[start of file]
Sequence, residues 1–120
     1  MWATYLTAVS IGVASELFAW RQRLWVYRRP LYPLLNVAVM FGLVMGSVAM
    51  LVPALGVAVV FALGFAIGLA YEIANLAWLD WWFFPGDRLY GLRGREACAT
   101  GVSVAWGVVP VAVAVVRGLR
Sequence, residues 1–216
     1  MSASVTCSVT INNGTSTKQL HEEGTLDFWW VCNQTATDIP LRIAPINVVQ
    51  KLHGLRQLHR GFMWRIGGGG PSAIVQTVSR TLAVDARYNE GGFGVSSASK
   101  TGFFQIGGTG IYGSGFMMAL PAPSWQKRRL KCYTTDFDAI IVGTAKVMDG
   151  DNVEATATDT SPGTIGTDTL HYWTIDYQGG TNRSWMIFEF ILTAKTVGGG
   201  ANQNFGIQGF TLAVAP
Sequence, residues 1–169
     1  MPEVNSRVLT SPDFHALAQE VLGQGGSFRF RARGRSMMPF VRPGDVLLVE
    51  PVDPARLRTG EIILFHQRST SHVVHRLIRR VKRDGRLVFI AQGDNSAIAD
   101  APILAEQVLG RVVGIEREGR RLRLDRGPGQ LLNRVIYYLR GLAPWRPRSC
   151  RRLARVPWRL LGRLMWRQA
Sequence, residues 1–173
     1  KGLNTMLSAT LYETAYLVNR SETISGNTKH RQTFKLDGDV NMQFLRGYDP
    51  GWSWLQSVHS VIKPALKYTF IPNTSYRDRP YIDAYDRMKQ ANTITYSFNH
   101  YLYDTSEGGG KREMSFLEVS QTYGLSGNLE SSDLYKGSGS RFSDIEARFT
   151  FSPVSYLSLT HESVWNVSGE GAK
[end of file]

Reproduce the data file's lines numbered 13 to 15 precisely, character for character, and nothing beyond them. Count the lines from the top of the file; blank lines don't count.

    51  PVDPARLRTG EIILFHQRST SHVVHRLIRR VKRDGRLVFI AQGDNSAIAD
   101  APILAEQVLG RVVGIEREGR RLRLDRGPGQ LLNRVIYYLR GLAPWRPRSC
   151  RRLARVPWRL LGRLMWRQA